There have been a lot of complaints about the "blind rogue," which WotC has acknowledged, but I think it's symptomatic of a larger issue, which is that Perception is based on Wisdom. Actually, in Next, it's more that Perception checks are Wisdom checks, possibly with a modifier.
Personally, I've never liked that, but in other editions I could live with it, because skill training was so significant. In Next, the ability score is more emphasised, and that has some odd side effects, like that rogues aren't very good at noticing things, even traps, while clerics are awesome at it.
I have some alternate proposals that might work better for Next. In all cases, I assume that rangers and rogues get appropriate class bonuses.
Option 1: Perception is the highest between Int, Wis, and Cha.
- Some characters that should be bad at perception--specifically brute-types--are.
- Rogues can have high perception via Cha or Int, and rogues usually have one of those as a secondary stat (except thug-types).
- Fighters who want to be perceptive can choose to be canny, intuitive, or have leadership abilities as a "side effect."
- Casters still have the highest base perception checks--not just clerics and druids, but also wizards and sorcerers. Paladins and bards will also be good.
- Characters become more homogeneous in this regard: few characters will be bad at perception.
- Perception goes up overall, which weakens Stealth, and effectively deflates DCs overall.
Option 2: As above, but at a -1 inherent penalty.
e.g. mental stats of 12,16,11 means a base Perception of +2 (16=+3,-1=+2).
- As above, and more or less removes the inflation problem.
- As above, but:
- Mathematically a bit more cumbersome and unintuitive.
- While the average perception may be about the same as now, maximum and minimum perception go down. This makes high DC's harder to meet and lower DC's easier to fail to meet.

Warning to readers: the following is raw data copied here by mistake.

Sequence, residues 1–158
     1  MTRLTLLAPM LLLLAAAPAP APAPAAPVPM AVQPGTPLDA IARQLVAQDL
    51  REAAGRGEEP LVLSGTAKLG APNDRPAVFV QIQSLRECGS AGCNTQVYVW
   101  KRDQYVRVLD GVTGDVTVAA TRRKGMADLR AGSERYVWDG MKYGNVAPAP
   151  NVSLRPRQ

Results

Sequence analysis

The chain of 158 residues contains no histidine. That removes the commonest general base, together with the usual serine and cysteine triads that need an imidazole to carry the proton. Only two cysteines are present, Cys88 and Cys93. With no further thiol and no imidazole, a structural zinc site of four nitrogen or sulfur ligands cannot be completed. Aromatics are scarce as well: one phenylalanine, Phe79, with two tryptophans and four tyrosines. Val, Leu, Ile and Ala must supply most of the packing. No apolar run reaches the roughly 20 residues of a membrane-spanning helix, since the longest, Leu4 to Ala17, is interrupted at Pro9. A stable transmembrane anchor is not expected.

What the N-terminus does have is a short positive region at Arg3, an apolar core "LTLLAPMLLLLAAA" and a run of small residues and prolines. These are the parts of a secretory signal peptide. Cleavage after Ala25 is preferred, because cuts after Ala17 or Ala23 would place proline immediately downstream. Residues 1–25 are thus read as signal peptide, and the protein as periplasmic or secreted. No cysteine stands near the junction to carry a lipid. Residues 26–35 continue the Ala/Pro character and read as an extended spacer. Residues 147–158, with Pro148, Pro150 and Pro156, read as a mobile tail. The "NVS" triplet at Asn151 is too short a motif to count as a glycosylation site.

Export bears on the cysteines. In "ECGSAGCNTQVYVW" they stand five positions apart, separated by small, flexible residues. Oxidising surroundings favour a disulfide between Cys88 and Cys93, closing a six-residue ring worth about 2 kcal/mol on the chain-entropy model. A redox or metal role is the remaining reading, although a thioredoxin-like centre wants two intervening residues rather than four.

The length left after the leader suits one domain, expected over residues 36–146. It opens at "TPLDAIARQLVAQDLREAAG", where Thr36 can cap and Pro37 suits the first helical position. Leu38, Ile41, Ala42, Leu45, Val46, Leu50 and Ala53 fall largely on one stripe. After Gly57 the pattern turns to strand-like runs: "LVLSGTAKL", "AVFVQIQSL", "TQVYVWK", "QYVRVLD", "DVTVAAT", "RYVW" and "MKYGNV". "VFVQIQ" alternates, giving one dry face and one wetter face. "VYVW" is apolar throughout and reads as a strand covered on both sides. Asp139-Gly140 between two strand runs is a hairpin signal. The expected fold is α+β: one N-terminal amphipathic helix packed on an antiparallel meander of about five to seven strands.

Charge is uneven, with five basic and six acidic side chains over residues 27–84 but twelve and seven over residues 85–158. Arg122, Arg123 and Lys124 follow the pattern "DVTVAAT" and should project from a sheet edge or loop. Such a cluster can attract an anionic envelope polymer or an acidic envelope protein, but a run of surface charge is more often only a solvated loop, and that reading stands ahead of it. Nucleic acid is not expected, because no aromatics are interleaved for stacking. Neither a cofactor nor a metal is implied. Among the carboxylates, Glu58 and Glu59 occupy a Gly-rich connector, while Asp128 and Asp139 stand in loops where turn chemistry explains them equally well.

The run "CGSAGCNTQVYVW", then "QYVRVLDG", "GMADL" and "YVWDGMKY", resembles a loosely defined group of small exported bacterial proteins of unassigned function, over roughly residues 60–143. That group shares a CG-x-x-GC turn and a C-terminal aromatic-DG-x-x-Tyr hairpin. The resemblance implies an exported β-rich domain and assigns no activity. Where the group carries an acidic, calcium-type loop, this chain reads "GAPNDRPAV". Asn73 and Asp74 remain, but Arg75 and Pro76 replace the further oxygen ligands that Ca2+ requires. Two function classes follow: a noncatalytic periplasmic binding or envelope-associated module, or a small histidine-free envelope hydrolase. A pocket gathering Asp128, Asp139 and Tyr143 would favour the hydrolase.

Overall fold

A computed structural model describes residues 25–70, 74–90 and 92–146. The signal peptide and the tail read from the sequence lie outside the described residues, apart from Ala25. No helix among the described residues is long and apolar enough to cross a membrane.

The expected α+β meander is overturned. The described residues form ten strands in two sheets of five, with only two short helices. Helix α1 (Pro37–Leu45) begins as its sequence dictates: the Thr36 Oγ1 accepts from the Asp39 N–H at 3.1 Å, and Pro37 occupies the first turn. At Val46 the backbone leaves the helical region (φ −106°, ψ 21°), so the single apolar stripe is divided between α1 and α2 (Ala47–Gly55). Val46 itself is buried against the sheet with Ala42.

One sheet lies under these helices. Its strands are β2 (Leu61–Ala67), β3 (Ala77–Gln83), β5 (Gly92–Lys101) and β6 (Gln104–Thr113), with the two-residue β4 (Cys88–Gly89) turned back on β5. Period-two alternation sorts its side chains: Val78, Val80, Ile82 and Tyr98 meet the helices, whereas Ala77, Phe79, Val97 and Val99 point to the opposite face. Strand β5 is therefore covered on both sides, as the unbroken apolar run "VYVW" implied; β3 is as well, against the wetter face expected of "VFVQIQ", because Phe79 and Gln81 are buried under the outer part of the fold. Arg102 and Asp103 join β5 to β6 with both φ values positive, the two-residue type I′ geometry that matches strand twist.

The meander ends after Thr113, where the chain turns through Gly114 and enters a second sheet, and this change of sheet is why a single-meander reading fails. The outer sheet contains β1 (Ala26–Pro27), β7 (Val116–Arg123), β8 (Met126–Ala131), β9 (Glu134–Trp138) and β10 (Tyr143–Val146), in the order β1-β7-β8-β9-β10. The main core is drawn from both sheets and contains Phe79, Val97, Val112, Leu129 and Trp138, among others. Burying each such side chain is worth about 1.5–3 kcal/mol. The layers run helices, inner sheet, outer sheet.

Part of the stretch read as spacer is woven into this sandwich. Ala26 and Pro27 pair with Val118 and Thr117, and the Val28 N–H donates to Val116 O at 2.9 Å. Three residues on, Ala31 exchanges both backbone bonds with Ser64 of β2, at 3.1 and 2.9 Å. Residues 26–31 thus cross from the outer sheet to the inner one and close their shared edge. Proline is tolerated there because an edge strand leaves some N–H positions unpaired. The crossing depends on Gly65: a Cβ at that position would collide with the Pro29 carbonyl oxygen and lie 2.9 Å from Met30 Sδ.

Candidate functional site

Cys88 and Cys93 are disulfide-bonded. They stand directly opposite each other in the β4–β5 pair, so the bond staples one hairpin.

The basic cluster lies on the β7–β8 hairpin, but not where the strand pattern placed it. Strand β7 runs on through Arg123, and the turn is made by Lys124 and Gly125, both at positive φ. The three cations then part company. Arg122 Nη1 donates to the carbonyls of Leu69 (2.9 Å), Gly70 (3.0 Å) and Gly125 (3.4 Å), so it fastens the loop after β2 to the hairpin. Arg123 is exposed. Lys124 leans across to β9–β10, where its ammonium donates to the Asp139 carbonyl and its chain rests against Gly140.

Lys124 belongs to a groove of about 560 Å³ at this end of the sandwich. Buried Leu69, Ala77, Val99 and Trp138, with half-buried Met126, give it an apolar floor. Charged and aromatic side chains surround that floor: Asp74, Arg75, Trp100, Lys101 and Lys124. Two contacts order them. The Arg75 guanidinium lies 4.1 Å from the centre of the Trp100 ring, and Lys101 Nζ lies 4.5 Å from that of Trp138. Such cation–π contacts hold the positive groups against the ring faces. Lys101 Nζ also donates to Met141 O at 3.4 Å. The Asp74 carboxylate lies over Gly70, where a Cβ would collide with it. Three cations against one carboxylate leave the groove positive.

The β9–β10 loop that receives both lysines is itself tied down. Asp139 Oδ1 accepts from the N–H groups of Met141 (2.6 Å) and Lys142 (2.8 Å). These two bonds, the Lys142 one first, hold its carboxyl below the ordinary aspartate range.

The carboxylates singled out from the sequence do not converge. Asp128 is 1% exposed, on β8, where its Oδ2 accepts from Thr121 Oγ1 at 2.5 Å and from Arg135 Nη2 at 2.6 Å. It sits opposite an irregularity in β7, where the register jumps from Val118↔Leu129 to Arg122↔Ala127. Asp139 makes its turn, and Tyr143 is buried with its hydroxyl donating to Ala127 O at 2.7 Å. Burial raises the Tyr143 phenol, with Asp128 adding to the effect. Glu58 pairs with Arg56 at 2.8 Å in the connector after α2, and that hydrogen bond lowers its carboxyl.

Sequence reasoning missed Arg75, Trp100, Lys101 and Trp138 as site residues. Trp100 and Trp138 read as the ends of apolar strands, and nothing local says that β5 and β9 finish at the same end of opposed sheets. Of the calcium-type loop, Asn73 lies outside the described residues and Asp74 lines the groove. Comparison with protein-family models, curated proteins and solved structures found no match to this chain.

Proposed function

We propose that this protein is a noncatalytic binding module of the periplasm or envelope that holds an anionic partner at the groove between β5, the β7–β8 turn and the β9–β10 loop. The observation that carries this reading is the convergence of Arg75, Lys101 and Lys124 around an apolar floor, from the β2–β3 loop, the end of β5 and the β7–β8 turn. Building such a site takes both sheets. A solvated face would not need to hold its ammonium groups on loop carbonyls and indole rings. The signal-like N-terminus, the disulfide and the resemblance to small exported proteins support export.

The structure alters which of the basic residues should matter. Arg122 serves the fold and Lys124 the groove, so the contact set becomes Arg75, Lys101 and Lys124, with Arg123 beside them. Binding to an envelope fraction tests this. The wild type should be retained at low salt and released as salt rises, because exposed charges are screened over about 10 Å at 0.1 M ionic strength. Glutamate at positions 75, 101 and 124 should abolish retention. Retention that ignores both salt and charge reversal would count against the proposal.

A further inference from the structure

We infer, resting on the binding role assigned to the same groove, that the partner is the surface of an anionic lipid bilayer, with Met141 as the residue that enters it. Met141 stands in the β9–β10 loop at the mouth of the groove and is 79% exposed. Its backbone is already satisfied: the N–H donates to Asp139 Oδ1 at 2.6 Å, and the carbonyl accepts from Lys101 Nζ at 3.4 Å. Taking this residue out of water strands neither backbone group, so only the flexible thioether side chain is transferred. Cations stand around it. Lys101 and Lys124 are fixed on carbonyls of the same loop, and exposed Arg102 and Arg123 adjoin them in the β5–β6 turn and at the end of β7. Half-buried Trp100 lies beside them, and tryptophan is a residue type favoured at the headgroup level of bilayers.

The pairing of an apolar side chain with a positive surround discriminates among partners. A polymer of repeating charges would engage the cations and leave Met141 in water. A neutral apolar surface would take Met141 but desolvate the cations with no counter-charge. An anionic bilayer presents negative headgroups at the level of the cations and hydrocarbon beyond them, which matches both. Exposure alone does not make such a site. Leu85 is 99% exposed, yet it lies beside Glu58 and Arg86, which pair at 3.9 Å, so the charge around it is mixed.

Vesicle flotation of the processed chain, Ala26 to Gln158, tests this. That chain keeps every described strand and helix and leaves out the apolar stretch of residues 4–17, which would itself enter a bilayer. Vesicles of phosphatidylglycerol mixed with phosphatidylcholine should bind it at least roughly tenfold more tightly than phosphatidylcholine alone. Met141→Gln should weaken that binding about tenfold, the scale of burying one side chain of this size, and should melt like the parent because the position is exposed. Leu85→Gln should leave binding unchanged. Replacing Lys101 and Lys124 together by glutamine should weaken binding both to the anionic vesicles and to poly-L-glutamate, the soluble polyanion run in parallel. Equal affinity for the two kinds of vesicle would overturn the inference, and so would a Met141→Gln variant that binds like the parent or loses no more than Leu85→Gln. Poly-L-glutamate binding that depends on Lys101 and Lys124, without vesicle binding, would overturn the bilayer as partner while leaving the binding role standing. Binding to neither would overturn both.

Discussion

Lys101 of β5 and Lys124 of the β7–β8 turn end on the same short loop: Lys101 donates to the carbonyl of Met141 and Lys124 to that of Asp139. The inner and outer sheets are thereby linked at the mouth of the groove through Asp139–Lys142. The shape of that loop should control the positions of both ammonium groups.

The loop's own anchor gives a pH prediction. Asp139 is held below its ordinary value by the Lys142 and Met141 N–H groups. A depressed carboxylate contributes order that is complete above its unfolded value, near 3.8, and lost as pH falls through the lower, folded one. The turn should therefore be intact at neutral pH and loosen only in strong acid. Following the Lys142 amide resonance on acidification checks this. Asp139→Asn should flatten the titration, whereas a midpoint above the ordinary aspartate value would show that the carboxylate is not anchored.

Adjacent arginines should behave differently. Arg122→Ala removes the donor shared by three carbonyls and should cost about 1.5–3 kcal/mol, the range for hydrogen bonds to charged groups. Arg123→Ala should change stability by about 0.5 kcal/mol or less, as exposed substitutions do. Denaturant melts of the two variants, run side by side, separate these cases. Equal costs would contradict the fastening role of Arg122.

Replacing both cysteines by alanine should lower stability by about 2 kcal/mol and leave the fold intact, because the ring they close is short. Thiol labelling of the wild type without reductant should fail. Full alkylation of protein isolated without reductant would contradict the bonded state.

Option 3: Perception is base +0, period.
- Puts everyone at the same baseline without artificially tying it to something arbitrary, that the player made high for some other reason (like casting).
- Characters with class or background bonuses become the best, as they should be.
- Removes all individual variation other than from class and background. If the party has no rogues, rangers, or soldiers, everyone's exactly the same.
- Totally arbitrary.
- Perception goes down overall, by a lot, making Stealth more powerful and effectively inflating DCs.
Option 4: Perception is base +2, period.
- As above, and removes the deflation problem.
- As above, but even more arbitrary and confusing.
Option 5: Perception is a seventh attribute.
- Maintains balance and diversity.
- Intuitive and clear.
- Could be used as the basline for initiative, helping with the "Dex is too important" problem.
- It's not traditionally D&D (except from some optional material in 1e and 2e supplements).
- Creates havoc with point buys and saving throw balance.
"Edison didn't succeed the first time he invented Benjamin Franklin, either." Albert the Alligator, Walt Kelly's Pogo Sunday Book
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